Bret's say, if you're connected with that recruiter, you also don't show up in the first page. Exactly. You're never on the first page, never ever, unless you have... It's so weird.

Laura Mazzullo:
So I had a whole talk with them and really tried to explain my thought that it was unfair, they defended why they did it, it was very convoluted. So then they created that little circle, which I think was probably their compromise algorithmically or something, to have that there. Point is, even if you were laid off, put until present, and then in the bullets, just say, "Laid off due to Covid March 2020."

Chris Russell:
On your headline or something.

Laura Mazzullo:
That's right. You can be honest, but keep it until present so that you should up, because as Bret said, you don't want to show up on page 72 of the search. I don't mind the green circle thing, I know there's been a big debate on it, if it looks desperate, if it makes people look too active. I could talk for hours about active versus passive talent. For me it's never been an issue because why should it matter if you're out of work or working? However-

Chris Russell:
Some people feel a stig-

Laura Mazzullo:
That's right. I was going to say, there's a stigma. So it's a tricky one, it really is. The people who feel it's a stigma will probably judge somebody with a circle. But I suppose it's a personal choice if you want to have it or not.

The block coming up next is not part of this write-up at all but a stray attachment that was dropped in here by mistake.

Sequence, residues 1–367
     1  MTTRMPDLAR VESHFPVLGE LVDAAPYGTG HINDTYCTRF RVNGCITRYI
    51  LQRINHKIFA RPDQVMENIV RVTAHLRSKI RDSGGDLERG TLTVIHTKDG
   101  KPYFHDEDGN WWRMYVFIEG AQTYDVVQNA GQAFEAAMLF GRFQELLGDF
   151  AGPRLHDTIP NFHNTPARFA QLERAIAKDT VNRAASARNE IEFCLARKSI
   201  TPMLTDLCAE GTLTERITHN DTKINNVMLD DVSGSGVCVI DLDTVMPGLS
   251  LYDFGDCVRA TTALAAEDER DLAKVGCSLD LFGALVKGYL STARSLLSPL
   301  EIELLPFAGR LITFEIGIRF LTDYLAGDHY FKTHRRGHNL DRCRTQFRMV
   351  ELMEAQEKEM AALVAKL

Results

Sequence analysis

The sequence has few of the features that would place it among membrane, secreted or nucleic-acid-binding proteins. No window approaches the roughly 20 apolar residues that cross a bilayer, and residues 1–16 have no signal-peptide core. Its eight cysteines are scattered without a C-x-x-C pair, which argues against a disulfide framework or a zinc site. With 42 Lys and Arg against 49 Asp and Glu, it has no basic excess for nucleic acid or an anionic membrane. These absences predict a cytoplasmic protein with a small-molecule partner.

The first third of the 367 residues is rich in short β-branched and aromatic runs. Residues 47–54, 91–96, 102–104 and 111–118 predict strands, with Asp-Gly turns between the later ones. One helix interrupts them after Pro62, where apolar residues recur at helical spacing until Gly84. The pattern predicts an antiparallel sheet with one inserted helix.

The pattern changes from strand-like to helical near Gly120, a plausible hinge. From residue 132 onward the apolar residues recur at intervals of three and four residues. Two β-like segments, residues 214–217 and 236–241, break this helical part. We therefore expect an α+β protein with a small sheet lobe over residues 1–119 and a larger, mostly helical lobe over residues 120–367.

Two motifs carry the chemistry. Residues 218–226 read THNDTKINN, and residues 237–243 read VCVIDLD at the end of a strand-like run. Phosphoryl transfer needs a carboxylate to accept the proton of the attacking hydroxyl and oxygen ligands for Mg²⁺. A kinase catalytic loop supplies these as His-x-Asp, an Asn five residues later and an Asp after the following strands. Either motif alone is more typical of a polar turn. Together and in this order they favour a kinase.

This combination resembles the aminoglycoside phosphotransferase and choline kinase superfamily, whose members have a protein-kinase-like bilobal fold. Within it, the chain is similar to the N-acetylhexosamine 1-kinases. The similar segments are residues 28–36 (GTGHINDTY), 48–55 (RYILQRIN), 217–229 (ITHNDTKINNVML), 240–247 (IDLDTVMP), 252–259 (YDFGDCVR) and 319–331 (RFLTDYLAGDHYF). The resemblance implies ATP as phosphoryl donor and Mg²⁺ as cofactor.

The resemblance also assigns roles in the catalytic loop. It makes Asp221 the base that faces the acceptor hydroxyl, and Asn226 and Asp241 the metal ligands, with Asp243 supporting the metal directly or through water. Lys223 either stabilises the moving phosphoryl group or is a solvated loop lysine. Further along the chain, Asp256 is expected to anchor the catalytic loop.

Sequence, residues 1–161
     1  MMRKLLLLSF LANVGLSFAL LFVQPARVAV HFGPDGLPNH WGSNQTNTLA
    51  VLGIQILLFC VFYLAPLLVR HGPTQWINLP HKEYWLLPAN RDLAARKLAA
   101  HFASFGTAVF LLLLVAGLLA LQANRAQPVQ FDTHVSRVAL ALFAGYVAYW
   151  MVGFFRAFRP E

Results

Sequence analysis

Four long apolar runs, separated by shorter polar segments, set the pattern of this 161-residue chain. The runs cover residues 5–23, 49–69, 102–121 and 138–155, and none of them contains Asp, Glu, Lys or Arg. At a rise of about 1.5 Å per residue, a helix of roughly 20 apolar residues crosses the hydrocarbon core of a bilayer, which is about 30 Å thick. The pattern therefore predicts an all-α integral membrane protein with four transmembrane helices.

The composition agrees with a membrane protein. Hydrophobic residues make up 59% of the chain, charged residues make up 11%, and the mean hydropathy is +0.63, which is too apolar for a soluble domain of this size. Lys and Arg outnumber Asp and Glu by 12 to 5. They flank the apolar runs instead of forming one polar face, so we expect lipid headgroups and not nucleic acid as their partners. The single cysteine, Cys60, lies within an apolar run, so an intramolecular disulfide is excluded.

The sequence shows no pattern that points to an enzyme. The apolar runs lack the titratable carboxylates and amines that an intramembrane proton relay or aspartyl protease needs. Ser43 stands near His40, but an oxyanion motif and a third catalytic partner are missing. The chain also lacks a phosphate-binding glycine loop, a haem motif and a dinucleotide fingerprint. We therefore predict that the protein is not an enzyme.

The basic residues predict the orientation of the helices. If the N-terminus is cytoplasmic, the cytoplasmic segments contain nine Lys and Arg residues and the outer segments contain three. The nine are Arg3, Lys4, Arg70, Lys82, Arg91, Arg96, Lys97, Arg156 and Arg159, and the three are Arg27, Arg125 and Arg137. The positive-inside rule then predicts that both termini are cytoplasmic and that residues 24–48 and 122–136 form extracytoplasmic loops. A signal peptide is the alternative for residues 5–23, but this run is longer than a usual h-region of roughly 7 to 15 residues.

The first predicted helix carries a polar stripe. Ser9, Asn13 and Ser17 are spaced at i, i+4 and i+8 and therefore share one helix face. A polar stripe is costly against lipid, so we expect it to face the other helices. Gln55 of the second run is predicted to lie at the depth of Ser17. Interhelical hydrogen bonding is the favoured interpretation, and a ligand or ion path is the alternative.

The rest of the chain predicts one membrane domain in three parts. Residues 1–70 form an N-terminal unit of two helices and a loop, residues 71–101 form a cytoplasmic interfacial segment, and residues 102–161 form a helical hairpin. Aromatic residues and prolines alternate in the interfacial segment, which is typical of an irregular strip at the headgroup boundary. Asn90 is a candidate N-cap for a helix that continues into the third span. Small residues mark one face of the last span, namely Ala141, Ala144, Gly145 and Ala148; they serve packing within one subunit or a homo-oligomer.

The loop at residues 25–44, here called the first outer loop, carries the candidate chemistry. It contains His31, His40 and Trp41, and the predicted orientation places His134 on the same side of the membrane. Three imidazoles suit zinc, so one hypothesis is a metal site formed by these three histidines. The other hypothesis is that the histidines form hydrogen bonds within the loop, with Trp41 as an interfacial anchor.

Chris Russell:
Yeah.

Laura Mazzullo:
I'm very conflicted about that. It's sad that that's the commentary, but you're absolutely right, it's a reality.

Chris Russell:
Bert says, "If you're connected with a recruiter you also don't show up on the first page."

Laura Mazzullo:
Right. It's very bizarre.

Chris Russell:
Yeah. Interesting.

Laura Mazzullo:
They tried to tell me, "If you pay for a LinkedIn recruiter, it doesn't matter." It was some simple thing around, like, "Well if you're contacting candidates, there are work around in LinkedIn recruit to find those people." But in the premium or the basic plans, you couldn't. And I said, "This isn't really an issue, this isn't where you should be making money, right?" People out of work should be able to be found.

Chris Russell:
Karla's got another question for you. She's taken a couple of years off from her HR career after her son's autism diagnosis. She had 13 years of HR experience and she has a masters, she's SHRM certified. On her CV, should she add the caregiver during these two and half years or just list her last HR role?

Laura Mazzullo: